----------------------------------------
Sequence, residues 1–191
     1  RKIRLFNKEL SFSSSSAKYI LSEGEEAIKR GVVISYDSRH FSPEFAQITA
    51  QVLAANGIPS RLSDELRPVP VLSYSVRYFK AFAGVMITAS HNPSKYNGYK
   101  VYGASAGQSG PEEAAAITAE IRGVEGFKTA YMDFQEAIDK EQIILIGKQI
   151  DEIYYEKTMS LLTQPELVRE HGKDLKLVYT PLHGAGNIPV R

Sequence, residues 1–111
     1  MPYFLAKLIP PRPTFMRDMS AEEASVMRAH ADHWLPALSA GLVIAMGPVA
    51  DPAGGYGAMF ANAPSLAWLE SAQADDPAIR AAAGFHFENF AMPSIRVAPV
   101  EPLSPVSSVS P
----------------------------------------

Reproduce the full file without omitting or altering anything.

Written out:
Sequence, residues 1–191
     1  RKIRLFNKEL SFSSSSAKYI LSEGEEAIKR GVVISYDSRH FSPEFAQITA
    51  QVLAANGIPS RLSDELRPVP VLSYSVRYFK AFAGVMITAS HNPSKYNGYK
   101  VYGASAGQSG PEEAAAITAE IRGVEGFKTA YMDFQEAIDK EQIILIGKQI
   151  DEIYYEKTMS LLTQPELVRE HGKDLKLVYT PLHGAGNIPV R

Sequence, residues 1–111
     1  MPYFLAKLIP PRPTFMRDMS AEEASVMRAH ADHWLPALSA GLVIAMGPVA
    51  DPAGGYGAMF ANAPSLAWLE SAQADDPAIR AAAGFHFENF AMPSIRVAPV
   101  EPLSPVSSVS P